Szechuan Kung Pao Chicken
Sichuan pepper is the main ingredient of this dish. It has a unique aroma which is slightly lemony and creates a tingly numbness in the mouth.
This recipe comes from Fuchsia Dunlop’s “Land of Plenty: A Treasury of Authentic Sichuan Cooking (W.W.Norton)
Please visit Fushia Dunlop’s website for more recipes.
• 2 boneless chicken breasts, with or without skin
(about 2-3lb in total)
• 3 cloves of garlic
• equivalent amount of fresh ginger
• 5 scallions, white parts only
• 2 tbsp peanut oil
• A generous handful of dried red chillies (at least 10), preferably Szechuan
• 1 tsp whole Szechuan pepper
• 2/3 cup roasted unsalted peanuts
For the marinade:
• 1/2 tsp salt
• 2 tsp light soy sauce
• 1 tsp Shaoxing rice wine or medium-dry sherry
• 1 1/2 tsp potato flour or 2 1/4 tsp cornstarch
• 1 tbsp water
For the sauce:
• 3 tsp sugar
• 3/4 tsp potato flour or 1 1/8 tsp cornstarch
• 1 tsp dark soy sauce
• 1 tsp light soy sauce
• 3 tsp Chinkiang or black Chinese vinegar
• 1 tsp sesame oil
• 1 tbsp chicken stock or water
1. Cut the chicken as evenly as possible into 1/2-inch strips and then cut these into small cubes. Place in a small bowl and mix in the marinade ingredients.
2. Peel and thinly slice the garlic and ginger, and chop the scallions into chunks as long as their diameter (to match the chicken cubes). Snip the chiles in half or into 2-inch sections. Wearing rubber gloves, discard as many seeds as possible.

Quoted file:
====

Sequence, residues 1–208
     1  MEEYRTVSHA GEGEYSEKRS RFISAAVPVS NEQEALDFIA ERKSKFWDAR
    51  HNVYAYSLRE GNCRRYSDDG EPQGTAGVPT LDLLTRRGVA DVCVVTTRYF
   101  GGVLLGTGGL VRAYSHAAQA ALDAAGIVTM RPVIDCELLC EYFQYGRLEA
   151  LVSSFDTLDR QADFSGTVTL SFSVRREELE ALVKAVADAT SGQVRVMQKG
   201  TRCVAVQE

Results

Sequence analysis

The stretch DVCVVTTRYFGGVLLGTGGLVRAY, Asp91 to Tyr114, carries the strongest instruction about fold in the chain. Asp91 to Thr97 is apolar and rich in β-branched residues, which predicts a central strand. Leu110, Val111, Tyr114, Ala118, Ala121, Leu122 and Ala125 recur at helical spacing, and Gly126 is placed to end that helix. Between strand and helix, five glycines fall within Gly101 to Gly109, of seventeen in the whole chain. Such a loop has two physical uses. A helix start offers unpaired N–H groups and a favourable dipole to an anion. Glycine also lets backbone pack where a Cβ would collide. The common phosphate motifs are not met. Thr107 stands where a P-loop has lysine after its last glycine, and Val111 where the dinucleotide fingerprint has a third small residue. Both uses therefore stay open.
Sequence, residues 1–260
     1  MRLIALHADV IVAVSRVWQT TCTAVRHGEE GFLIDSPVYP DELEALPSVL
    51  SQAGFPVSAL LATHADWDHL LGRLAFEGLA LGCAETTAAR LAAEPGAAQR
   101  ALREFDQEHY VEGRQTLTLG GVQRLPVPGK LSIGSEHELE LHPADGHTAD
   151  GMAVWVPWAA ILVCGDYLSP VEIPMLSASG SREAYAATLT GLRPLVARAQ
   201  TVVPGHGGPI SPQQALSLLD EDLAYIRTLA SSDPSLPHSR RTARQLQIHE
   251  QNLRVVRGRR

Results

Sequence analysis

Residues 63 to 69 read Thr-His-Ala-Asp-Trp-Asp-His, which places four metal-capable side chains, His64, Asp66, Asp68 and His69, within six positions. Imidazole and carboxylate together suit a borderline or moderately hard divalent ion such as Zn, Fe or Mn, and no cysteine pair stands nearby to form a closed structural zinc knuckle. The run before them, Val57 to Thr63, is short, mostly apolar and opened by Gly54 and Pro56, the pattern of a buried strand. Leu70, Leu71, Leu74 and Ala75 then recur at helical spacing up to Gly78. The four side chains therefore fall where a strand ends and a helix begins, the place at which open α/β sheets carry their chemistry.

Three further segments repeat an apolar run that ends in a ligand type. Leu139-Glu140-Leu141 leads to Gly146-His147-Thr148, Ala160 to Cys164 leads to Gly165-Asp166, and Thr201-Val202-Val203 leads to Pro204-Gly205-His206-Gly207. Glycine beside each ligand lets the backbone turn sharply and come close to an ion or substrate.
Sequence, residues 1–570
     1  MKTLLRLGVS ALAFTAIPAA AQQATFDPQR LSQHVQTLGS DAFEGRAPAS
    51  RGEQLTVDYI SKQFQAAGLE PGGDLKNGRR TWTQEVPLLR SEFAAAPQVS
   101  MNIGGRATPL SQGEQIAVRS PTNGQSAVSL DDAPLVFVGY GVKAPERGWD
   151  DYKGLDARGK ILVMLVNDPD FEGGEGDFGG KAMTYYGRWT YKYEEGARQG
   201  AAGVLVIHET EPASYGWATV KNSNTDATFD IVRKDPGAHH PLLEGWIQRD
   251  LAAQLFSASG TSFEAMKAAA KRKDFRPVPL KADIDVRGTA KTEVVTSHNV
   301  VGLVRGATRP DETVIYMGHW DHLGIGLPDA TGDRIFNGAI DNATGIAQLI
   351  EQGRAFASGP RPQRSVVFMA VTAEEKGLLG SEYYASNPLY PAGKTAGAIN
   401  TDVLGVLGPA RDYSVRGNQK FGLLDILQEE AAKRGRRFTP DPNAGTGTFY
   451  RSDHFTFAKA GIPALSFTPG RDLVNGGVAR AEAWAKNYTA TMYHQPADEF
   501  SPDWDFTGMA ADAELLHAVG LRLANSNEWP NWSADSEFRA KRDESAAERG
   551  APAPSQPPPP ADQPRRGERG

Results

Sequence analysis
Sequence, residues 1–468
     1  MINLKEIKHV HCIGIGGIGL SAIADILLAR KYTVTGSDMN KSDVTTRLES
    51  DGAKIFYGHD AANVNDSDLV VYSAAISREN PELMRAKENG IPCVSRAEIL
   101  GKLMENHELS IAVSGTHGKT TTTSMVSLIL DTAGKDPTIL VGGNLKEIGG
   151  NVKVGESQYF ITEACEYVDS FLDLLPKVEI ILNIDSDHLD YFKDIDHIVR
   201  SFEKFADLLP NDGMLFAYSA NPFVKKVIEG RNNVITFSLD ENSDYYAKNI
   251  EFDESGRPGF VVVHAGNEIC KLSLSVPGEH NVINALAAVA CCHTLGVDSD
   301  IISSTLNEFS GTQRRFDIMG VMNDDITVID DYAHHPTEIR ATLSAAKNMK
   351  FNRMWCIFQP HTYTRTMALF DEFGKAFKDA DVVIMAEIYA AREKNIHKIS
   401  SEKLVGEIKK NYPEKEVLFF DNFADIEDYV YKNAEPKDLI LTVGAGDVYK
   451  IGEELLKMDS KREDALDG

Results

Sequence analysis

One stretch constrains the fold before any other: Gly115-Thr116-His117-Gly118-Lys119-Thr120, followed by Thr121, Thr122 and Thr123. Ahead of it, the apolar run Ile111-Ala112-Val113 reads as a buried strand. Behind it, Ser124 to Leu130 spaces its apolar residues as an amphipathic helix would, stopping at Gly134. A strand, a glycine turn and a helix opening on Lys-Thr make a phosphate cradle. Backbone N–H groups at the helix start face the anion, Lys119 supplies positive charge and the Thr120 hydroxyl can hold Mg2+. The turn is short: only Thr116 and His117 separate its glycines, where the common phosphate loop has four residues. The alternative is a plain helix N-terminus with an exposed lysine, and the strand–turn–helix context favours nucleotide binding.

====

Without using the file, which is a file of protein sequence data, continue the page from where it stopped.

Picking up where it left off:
3. Combine the sauce ingredients in a small bowl — if you dip your finger in, you can taste the sweet-sour base of the gong bao flavor.
4. Season the wok, then add 2 tbsp of oil and heat over a high flame. When the oil is hot but not yet smoking, add the chiles and Sichuan pepper and stir-fry briefly until they are crisp and the oil is spicy and fragrant. Take care not to burn the spices (you can remove the wok from the heat if necessary to prevent overheating).
5. Quickly add the chicken and fry over a high flame, stirring constantly. As soon as the chicken cubes have separated, add the ginger, garlic, and scallions and continue to stir-fry for a few minutes until they are fragrant and the meat is cooked through (test one of the larger pieces to make sure).
6. Give the sauce a stir and add it to the wok, continuing to stir and toss. As soon as the sauce has become thick and shiny, add the peanuts, stir them in, and serve.
VARIATIONS: The same dish can be made with cubes of pork, shrimp, or prawns. Cashew nuts can be used instead of peanuts – although peanuts are more traditional.
Main image: Kung Pao Chicken, Jen Leung, Flickr Creative Commons